Cocaine is a dangerous drug that had its purpose in the medical community for a time, but is now predominantly used to get high. There are short and long term effects of cocaine and neither are positive. In fact, cocaine is a drug that requires more and more to maintain the same high for an individual. Cocaine can be deadly from the first use as it is often mixed with other drugs or substances to bulk up the actual drug. This makes coke a seriously harmful drug to both use and withdraw from for the addict. Even if you have only used once you may experience withdrawal symptoms if you are trying not to use again. Read on to learn more about the cocaine withdrawal symptoms and other long term effects that come with extended use.
If you are reading to find out what withdrawal from cocaine is going to be like for yourself or someone you care about then know that everyone’s experience is different and it will be tough. But in the long run it is worth it to get back to a healthy life that can be truly enjoyed. Cocaine withdrawal occurs when someone who has used a great deal of cocaine decides to cut down or stop completely. Withdrawal symptoms can begin before all of the drug is out of the body. The amount of cocaine that is considered ‘a great deal’ may vary from person to person.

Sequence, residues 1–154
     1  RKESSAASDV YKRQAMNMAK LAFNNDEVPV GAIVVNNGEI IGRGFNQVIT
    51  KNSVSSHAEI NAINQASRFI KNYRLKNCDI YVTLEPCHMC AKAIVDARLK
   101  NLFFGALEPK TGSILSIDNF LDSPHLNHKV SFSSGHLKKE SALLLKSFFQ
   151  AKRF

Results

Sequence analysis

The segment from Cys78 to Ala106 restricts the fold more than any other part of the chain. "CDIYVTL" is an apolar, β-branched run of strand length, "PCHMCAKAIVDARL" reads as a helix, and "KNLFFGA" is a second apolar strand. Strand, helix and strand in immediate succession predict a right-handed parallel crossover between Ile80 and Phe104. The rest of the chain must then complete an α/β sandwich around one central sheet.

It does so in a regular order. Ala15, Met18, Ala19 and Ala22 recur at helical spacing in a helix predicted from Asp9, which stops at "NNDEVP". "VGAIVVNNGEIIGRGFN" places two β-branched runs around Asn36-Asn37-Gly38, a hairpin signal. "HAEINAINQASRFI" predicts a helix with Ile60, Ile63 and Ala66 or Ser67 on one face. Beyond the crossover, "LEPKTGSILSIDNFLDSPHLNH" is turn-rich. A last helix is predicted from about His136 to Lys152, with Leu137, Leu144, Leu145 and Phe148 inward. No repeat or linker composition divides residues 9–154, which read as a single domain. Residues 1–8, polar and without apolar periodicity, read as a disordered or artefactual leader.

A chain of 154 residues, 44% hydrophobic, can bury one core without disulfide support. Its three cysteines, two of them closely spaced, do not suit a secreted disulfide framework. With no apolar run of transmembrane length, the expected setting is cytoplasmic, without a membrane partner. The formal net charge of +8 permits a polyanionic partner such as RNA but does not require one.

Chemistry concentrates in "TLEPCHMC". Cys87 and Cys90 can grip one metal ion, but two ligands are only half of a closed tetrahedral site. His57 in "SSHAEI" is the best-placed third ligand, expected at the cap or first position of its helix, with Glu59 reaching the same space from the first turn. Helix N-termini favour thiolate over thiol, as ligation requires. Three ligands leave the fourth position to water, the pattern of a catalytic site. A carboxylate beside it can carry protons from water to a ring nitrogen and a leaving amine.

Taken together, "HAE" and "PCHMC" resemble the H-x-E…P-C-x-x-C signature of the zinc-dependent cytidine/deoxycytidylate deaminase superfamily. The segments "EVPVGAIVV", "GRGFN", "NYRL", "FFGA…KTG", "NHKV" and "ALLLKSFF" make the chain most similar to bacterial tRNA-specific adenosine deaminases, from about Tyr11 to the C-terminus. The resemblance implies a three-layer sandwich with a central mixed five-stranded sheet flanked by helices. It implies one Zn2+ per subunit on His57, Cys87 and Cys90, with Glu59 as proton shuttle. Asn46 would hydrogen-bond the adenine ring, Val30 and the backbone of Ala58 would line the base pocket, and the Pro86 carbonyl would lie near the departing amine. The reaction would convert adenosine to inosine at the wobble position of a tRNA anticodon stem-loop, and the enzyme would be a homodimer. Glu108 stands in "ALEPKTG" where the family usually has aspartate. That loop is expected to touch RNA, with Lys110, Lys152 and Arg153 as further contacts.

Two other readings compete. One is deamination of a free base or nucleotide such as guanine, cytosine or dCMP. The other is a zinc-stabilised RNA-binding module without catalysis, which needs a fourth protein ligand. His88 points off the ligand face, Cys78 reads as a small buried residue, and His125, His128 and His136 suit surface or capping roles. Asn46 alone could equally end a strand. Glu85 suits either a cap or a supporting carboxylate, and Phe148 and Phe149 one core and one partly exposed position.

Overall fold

Cocaine produces a false sense of euphoria by causing the brain to release dopamine. When the binge or use lessens or stops the crash follows almost immediately. A strong craving will start during this initial crash and other symptoms can include lack of feeling any pleasure, irritability, anxiety, fatigue, sleepiness, and extreme agitation.
Cocaine can produce physical symptoms such as nausea or shaking but it is not as common as with withdrawal from other drugs. Specific to withdrawal a person may become depressed and even suicidal for months following the last use of cocaine. They may also have increased appetite and a slowing of activity. Someone may be generally uncomfortable and have vivid and scary dreams. The powerful, intense cravings may lead to further use. But with more use the high becomes less pleasant and more likely to bring about fear and suspicion.
Symptoms of withdrawal will disappear over time, but severe symptoms may require in-patient treatment to be safe and in a medical environment as a precaution. This allows for counseling and medication if needed through the withdrawal period. After withdrawal the person may need some monitoring through blood tests, chest x-rays, ECG’s, and toxicology for screening purposes. Additionally, support groups are good resources.
Cocaine addiction is very difficult to treat and relapse is highly likely. However, treatment should start with the least restrictive option and increase if relapse does occur. Some medications may help deal with the depression and paranoia, but no medication currently exists to help with the actual withdrawal symptoms. If you or someone you know is seeking help then do not wait any longer. Cocaine use can be deadly, the next hit could be your last. You can get over your addiction if you are willing to try.
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